Woodman added, "There's no question that there's a seismic cultural shift, however when I moved to Minneapolis 13 years ago I remember distinctly three weeks into it one of our big-name chefs came to me on the line and said, 'Listen, you can't serve foie in this town. You just can't do it. People want their meat and potatoes, they want their meatloaf. Look at who's doing well and don’t try to go against the grain. You'll never make it.' And that night we sold out of foie. The reality is, if you build it they will come."

Over the last year, the Twin Cities has gained much attention from national outlets such as Food & Wine Magazine, The New York Times, and Saveur magazine which dubbed Minneapolis as "The next great food city". So why head south to Rochester? When asked if Woodman thinks this will be a destination for local diners, he said, "Yeah, I'd like that. I hope so. When I started, I'd been looking down in this area for a restaurant property for the last three to four years. Being near this international population and close to home and tapping into that is a huge opportunity. We'll see what happens. In terms of destination? That just takes time. In the meantime there's so much to do here."

I worked at Hôtel de Paris in Monaco. It's the same age as this and it feels like this when you walk around the hallways.
Woodman added, "I did my apprenticeship thirty years ago at the Banff Springs Hotel, a very old hotel, very storied, very big. This [the Kahler Grand Hotel] just has that feel to it, this ancient feel to it. And so much history. But then the people have been there a long time and there's a reason they've been there such a long time. They're cared for. That goes against the culture because even a room like this...an old hotel gets dinged in a way. People say 'we want new, we want modern—we want glass and metal'. I don't think that's quite the same in Europe. I worked at Hôtel de Paris in Monaco. It's the same age as this and it feels like this when you walk around the hallways. This is cool, this is old, I like this. I don't know that in our culture that's valued. At least not in this country."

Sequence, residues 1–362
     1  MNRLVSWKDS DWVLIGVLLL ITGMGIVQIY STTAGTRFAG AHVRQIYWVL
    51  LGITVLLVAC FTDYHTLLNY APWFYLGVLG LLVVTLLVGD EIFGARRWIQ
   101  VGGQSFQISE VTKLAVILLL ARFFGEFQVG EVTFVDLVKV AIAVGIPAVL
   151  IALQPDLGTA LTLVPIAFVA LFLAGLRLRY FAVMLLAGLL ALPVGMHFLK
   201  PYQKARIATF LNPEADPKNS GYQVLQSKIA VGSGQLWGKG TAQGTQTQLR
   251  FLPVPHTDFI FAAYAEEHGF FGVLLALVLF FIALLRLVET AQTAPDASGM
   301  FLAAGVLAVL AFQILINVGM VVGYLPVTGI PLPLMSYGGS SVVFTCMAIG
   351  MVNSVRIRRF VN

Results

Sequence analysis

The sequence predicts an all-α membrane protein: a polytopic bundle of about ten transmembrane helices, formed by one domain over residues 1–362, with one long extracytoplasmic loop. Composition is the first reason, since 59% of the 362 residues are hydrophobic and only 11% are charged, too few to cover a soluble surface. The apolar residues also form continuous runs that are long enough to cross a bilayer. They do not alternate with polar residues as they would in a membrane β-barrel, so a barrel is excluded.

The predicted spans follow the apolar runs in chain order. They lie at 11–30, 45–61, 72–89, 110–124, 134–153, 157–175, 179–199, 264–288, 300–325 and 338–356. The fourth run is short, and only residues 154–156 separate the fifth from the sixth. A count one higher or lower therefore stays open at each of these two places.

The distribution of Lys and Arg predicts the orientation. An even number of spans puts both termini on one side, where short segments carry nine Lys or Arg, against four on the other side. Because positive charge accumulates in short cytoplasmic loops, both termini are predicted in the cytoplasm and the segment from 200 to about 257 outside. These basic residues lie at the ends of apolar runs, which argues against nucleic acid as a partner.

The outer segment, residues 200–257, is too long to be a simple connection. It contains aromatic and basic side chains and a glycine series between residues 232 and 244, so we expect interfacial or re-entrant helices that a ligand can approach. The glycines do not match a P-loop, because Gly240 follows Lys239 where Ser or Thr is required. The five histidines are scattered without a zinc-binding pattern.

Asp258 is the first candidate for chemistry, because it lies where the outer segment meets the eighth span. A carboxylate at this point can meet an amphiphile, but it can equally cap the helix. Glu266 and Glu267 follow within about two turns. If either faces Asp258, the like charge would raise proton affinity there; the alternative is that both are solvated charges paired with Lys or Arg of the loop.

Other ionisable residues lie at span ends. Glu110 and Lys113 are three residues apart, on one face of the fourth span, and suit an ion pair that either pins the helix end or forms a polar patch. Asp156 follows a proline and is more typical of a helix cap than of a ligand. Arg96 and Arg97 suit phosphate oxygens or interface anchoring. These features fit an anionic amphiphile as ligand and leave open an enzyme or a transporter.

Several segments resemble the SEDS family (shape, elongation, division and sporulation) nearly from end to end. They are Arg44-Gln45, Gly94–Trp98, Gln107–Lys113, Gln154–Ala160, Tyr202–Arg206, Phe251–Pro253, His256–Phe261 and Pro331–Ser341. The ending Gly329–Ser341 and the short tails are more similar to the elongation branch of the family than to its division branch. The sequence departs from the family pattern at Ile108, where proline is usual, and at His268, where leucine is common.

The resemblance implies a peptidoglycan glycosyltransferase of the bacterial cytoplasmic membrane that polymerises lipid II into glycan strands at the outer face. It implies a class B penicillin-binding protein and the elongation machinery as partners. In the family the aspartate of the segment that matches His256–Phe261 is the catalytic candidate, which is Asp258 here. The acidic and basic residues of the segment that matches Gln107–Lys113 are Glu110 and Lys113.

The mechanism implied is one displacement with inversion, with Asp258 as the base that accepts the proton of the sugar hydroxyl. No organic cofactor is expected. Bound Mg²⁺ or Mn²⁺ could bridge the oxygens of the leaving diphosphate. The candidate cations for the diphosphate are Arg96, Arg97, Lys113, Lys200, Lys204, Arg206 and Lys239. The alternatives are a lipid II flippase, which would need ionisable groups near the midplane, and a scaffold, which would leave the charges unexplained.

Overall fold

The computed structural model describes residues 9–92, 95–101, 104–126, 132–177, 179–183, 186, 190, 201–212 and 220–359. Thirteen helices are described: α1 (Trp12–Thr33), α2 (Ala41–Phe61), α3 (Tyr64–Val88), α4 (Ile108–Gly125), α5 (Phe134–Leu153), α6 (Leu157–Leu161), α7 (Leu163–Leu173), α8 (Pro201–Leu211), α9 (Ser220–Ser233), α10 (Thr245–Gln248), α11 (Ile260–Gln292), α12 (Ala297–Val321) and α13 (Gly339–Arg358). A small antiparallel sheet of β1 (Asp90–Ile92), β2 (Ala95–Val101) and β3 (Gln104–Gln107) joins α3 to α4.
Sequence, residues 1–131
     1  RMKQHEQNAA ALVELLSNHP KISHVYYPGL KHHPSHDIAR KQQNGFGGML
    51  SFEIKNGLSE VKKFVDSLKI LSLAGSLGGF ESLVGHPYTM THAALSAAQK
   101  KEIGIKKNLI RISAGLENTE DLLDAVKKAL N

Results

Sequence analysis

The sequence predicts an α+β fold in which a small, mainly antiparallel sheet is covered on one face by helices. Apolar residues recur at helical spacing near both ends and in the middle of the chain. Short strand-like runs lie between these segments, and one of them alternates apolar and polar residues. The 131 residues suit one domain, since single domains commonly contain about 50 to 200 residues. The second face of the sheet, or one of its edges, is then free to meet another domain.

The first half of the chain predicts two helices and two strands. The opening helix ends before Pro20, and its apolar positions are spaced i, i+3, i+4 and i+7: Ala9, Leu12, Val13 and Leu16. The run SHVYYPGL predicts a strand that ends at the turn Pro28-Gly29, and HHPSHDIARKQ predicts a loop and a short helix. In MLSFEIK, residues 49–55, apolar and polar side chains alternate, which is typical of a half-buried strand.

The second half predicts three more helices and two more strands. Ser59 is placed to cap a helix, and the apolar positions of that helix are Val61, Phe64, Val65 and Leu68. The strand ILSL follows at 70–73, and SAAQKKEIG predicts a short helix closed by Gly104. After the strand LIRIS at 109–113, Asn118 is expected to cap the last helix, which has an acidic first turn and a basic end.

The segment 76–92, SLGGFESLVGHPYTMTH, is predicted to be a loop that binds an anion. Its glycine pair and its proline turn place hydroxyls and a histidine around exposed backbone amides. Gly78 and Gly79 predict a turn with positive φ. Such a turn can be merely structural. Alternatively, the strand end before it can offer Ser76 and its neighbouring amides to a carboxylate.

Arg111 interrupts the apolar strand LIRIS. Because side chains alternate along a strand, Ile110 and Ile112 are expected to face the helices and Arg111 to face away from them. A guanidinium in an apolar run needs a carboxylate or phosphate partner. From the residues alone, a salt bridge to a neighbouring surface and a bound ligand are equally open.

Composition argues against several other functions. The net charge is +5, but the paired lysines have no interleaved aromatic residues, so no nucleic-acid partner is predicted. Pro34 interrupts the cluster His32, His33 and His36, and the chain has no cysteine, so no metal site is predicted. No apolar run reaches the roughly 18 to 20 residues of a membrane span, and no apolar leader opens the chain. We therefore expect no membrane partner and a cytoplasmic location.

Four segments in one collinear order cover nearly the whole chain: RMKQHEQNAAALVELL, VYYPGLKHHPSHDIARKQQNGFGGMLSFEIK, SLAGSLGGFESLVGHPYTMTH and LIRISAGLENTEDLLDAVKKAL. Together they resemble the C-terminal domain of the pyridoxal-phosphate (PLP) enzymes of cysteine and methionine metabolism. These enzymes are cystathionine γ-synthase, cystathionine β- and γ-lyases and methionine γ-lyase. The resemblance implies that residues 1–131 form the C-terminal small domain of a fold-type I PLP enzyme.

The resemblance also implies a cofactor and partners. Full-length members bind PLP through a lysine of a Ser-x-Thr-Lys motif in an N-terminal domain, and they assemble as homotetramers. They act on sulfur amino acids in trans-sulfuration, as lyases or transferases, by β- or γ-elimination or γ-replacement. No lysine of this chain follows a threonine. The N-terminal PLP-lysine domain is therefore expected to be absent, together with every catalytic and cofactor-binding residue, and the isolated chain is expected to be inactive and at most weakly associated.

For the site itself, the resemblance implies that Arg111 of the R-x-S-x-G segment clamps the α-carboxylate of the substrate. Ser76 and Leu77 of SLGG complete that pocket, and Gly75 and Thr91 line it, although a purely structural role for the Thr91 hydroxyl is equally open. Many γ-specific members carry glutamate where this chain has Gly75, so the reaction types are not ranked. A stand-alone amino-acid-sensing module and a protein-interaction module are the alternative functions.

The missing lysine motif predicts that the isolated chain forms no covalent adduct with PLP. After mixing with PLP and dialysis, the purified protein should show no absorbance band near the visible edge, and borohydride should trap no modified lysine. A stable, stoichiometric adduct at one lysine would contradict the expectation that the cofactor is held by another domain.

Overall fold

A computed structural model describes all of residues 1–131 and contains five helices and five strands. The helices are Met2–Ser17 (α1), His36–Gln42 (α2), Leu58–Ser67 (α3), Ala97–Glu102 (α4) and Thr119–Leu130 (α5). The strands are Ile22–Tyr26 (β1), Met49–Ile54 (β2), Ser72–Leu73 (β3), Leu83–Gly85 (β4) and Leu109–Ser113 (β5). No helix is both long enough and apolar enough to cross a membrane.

lord essex

Dining room at Lord Essex. Photo courtesy Kahler Grand webpage

Woodman leads a team of tenured locals, one of whom has been a breakfast cook for 42 years at Kahler Grand. He's also brought on chef de cuisine Alexander Armour, formerly of Victory 44 and CoV, who relocated to the Rochester area to work with Woodman. To work in an internationally known hotel presents a world of opportunity for a young chef like Armour, according to Woodman. Knowing that building a good team is crucial, Woodman explained, "For someone like AJ (Armour) there's this different world from a resume perspective in the restaurant business. Now all of a sudden, you're in the hotel business and you do this for 2-3 years and your whole world has opened up. You have opportunities to travel and work anywhere in the world once you've proved this type of work."

Lord Essex at The Kahler Grand is just one of the Kahler properties getting Stew-ified. Other outlets include The Grand Grill, Crossings Bistro & Bar, and Salute Wine Bar.

· All Coverage of Stewart Woodman [Eater MPLS]